Error
  • JUser::_load: Unable to load user with id: 67

Featured Articles

KitKat has more than a fifth of Android users

KitKat has more than a fifth of Android users

Android 4.4 is now running on more than a fifth of Android devices, according to Google’s latest figures.

More...
Nvidia introduces five new Quadro cards

Nvidia introduces five new Quadro cards

Nvidia has revamped its Quadro professional graphics line-up with a total of five new cards, two of which are based on…

More...
AMD Tonga XT graphics cards come later

AMD Tonga XT graphics cards come later

According to sources who wish to remain unnamed, we should see an AMD Tonga XT-based graphics card launched sometime in September.

More...
Nvidia Maxwell Geforce 800 comes in September

Nvidia Maxwell Geforce 800 comes in September

Nvidia was always cautious when talking about upcoming Maxwell parts, the first of which was launched back in March and based…

More...
Aerocool Dead Silence reviewed

Aerocool Dead Silence reviewed

Aerocool is well known for its gamer cases with aggressive styling. However, the Dead Silence chassis offers consumers a new choice,…

More...
Frontpage Slideshow | Copyright © 2006-2010 orks, a business unit of Nuevvo Webware Ltd.
Thursday, 21 July 2011 12:03

Intel boss has high hopes for Ultrabooks

Written by


Could be the new Centrino
Intel CEO Paul Otellini is busy spreading the ultrabook gospel to faithful investors. On the back of another record quarter, Otellini said the ultrabook concept would be the next big thing in the notebook market.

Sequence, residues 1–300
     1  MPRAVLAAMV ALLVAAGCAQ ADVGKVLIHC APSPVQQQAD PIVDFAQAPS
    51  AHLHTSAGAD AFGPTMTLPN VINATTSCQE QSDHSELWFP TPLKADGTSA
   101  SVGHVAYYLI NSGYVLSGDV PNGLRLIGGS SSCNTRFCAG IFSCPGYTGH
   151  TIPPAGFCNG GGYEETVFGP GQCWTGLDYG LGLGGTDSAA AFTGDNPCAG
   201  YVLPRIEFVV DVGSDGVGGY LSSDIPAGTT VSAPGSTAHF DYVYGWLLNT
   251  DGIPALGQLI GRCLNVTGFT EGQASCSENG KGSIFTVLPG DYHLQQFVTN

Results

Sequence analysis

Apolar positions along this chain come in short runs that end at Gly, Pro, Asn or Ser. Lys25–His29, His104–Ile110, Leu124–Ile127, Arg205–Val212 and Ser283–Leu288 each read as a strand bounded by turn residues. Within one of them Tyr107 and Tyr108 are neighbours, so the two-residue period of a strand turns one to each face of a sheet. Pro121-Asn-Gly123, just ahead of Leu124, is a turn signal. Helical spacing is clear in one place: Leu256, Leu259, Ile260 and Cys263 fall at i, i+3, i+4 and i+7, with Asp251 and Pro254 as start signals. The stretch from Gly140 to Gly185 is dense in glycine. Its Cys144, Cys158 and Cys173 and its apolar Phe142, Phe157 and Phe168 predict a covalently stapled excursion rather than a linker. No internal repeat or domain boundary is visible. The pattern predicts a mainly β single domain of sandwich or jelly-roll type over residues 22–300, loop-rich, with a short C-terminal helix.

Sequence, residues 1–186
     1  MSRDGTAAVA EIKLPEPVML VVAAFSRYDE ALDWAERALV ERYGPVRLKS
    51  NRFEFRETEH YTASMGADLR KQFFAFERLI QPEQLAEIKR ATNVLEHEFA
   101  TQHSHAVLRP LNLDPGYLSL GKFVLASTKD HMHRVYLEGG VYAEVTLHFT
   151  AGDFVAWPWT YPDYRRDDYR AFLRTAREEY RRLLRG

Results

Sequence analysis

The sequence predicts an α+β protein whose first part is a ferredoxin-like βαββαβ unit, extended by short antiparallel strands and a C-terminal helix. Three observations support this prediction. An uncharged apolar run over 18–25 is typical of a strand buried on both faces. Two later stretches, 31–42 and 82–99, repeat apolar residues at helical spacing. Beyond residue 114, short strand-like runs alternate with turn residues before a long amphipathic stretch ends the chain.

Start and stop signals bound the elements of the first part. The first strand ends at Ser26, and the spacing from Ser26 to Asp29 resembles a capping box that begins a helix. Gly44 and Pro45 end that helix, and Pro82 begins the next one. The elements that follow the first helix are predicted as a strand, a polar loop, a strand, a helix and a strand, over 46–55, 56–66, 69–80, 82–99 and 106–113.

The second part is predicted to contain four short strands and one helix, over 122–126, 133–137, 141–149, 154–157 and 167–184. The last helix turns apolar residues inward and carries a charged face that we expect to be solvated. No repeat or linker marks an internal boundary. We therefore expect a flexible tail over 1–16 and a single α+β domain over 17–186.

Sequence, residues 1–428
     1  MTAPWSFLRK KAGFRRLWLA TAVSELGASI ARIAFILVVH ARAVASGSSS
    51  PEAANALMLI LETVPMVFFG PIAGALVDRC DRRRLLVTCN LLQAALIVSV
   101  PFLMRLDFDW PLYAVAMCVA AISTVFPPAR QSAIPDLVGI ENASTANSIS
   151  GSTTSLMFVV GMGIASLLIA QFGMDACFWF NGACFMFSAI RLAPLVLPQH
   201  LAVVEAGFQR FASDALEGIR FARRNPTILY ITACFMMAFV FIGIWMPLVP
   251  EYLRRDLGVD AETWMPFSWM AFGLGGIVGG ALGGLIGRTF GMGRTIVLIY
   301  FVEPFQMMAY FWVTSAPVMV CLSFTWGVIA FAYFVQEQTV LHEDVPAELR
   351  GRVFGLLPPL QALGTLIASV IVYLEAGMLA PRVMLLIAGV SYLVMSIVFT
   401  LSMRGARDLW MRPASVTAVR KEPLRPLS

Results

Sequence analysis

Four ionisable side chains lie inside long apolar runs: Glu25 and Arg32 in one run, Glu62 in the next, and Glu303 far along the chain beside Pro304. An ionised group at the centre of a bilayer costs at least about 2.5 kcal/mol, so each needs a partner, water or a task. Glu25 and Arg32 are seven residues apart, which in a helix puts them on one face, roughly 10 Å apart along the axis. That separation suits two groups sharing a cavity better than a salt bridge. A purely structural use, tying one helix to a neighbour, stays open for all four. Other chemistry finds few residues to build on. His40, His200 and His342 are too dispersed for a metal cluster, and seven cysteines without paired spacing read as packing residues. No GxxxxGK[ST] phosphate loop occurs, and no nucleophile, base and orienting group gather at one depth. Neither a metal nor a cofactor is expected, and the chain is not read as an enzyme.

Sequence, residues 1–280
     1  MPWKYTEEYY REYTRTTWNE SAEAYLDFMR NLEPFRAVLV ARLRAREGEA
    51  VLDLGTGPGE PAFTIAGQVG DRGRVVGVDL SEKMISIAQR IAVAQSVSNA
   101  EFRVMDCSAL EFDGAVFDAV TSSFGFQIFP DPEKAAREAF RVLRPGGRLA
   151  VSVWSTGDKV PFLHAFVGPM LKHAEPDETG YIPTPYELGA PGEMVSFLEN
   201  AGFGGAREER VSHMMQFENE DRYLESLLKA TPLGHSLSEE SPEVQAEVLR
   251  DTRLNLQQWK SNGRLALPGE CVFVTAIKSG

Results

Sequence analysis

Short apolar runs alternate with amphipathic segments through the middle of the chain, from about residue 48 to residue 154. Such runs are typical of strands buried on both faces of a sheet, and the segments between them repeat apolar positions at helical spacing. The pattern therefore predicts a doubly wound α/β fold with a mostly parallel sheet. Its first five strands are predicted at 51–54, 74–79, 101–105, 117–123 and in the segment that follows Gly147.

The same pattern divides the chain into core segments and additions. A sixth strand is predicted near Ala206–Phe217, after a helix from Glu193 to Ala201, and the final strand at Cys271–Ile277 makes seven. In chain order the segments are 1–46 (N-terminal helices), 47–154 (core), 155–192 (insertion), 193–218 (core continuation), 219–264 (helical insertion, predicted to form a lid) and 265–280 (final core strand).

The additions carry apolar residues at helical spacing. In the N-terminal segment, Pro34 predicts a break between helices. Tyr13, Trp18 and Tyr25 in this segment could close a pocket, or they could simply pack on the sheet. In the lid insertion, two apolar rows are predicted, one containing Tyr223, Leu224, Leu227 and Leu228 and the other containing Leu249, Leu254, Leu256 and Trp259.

Speaking in a conference call, Otellini said that Intel’s earlier attempt to crack the ultrathin notebook market with CULV processors was a “kind of a trial run” for ultrabooks. He argued that Intel will use an entirely different strategy with ultrabooks and work closely with partners to develop top notch products.

"The ultrabook project is much more akin to Centrino," he said. "It's a very wholistic approach to moving the entire market to a different kind of form factor.”

However, there are some downsides to Intel’s platform-oriented approach. Intel is apparently insisting on using pricey components in an effort to create premium products and ultrabooks are expected to cost up to $999. Taiwanese vendors have already voiced concern about Intel’s strategy. They fear high production costs could result in low margins and slow demand, hence Intel is offering subsidies to some vendors who take up the concept.

More here.

 

blog comments powered by Disqus

 

Facebook activity

Latest Commented Articles

Recent Comments